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How To Set Up Your Very Own Real Estate Website

Frank DeFazio
1 min read
How To Set Up Your Very Own Real Estate Website

It’s a known fact that almost everyone buying or selling real estate in today’s market relies heavily on the internet.   So much so that having a real estate website with social media exposure may now be a necessity for the real estate investor looking to sell his own flips or to find sellers to buy properties from.  For many, building a website complete with social media components seems like a herculean task but it doesn’t have to be.  This post will break down how you can setup your own website for your real estate investment business in just a few simple steps.

Set Up Your Website With Wordpress –

The first decision is how and where to build your website.  Building your website on a Wordpress platform is pretty much a given in my mind. The reasons are simple:

  1. GOOGLE LOVES WORDPRESS (this is enough of a reason alone)
  2. Wordpress is SEO friendly, upgradable and versatile – as the web and search engine algorithms change so can your website.
  3. Worpress is open source and free
  4. Plugins are free and constantly updated and versitle
  5. Blog integration is simple and seamless.

There are companies out there that specialize in Wordpress real estate website and who also offer extremely reasonable rates and training.  Do some Google searches, make a few phone calls and hire one of the companies.  Make sure to host the website with the company that created it or a hosting company.  Don’t host at wordpress.com.

BiggerPockets recommends HostGator or BlueHost for your web hosting needs.

IDX with Lead Capture –

If you have a real estate license (and maybe if you don’t)  you can associate an IDX feed which will allow visitors to search for properties on your website just like they can on other major search engines like Trulia and Zillow.  Most of the top IDX providers offer map based searches, mobile compabitlity, and some form of lead capture that requires visitors to input contact information like name, email and phone.  This information is critical because those web registrations end up being your leads for either people interested in selling their properties or people interested in buying yours.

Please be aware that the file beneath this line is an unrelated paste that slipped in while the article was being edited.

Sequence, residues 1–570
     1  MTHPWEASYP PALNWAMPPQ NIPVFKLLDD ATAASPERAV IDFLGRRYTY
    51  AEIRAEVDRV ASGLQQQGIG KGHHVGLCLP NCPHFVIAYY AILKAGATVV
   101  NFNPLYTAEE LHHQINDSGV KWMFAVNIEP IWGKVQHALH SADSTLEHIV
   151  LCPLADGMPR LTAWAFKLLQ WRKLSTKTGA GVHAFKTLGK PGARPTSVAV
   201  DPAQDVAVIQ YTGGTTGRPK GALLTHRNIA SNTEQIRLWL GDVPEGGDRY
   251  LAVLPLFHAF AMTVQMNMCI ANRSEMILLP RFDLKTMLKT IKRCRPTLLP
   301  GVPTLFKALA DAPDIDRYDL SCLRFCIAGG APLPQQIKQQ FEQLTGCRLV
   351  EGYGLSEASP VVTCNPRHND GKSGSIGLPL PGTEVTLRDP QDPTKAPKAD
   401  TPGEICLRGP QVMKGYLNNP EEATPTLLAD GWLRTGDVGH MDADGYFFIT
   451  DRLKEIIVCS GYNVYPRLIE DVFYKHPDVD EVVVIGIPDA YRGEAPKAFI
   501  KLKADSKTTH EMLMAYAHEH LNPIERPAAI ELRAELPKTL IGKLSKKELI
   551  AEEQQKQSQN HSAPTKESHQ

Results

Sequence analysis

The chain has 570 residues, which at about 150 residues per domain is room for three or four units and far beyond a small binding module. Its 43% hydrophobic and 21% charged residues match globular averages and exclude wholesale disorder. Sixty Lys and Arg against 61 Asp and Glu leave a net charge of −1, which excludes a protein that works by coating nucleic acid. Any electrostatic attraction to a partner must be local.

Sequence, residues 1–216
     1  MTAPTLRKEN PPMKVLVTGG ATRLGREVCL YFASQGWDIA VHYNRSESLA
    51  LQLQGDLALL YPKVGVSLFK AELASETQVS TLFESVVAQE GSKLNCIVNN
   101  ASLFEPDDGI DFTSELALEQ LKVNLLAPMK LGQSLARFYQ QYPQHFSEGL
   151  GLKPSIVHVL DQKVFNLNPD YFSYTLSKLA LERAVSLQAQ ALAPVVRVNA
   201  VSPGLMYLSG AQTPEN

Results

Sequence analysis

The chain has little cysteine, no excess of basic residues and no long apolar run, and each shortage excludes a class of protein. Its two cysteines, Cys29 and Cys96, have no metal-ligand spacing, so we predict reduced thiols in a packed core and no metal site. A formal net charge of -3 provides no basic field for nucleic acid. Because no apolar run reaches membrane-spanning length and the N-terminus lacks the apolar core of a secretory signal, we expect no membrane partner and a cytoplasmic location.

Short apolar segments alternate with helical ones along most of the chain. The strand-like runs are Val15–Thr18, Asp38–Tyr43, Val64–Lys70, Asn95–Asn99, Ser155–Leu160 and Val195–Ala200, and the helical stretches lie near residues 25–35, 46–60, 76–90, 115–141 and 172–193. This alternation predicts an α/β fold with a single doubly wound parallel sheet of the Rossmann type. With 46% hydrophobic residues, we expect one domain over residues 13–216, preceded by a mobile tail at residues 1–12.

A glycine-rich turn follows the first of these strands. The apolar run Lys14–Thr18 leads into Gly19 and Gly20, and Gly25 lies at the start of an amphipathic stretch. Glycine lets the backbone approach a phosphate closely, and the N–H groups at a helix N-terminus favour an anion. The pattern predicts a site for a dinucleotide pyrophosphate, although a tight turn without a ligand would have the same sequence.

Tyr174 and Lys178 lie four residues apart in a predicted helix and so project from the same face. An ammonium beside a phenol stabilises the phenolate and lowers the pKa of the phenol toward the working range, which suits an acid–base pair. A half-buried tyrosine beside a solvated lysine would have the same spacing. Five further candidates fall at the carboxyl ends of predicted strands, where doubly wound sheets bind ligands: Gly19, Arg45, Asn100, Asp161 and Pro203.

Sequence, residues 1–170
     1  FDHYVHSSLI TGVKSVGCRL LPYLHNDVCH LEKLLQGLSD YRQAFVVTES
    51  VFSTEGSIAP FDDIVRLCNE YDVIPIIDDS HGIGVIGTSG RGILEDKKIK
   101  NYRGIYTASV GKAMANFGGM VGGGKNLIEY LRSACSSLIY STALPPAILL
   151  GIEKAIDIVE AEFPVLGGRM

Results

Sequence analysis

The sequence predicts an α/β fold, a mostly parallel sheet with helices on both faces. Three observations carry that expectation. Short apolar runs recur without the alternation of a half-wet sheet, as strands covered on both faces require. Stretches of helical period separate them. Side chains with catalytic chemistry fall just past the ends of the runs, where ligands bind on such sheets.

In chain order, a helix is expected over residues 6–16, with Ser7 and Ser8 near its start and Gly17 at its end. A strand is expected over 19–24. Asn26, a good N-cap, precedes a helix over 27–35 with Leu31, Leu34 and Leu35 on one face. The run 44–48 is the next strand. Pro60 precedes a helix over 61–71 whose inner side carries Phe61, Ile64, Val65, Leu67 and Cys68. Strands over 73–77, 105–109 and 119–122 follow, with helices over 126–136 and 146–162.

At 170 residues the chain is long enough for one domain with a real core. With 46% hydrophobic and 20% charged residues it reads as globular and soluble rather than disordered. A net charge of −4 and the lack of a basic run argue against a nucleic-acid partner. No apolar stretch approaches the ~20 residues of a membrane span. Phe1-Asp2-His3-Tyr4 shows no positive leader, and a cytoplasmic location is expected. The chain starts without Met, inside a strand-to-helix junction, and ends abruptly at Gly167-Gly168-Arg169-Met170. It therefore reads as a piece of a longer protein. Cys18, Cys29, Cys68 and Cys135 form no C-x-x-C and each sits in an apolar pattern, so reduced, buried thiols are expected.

Content Creation –

Someone, either you or someone you designate will be responsible for content creation.   Sounds like a scary, complicated word but all it means is that someone will have to make new, relevant pages and blog posts so your website will be recognized as authoritative and relevant by search engines.  Plan on creating content on daily basis (at least a few times a week).

Incorporate Social Media –

The best and quickest way to drive traffic to your new website is through effective use of social media.  For this you should turn to what I call the Four Pillars of Social Media:

  1. Facebook
  2. Twitter
  3. Google+
  4. LinkedIn

Any time you create a page or post make sure to blast it out on all four social media venues.  This will lead to clicks, likes, retweets, +1s and LinkedIn shares, all of which will help your rankings with the top search engines.

Email Contact Program –

After you have captured all of your potential buyer and seller leads you should input the contact info into an email contact program that periodically emails these registrants with whatever message you are trying to get out to the public: “Just completed a project at 123 Main Street – looking for buyers” or “Have cash and can close quickly, looking for sellers”.

An overwhelmingly large amount of real estate buyers and sellers are using the internet, mobile apps and social media to buy or sell real estate in today’s market.  To reach the greatest audience and fully capitalize on these phenomenon real estate investors should set up their own website capable of generating buyer and seller leads.  This will assure the investor that his or her message is reaching the largest possible audience.

Photo: Mike Licht, NotionsCapital.com

Note By BiggerPockets: These are opinions written by the author and do not necessarily represent the opinions of BiggerPockets.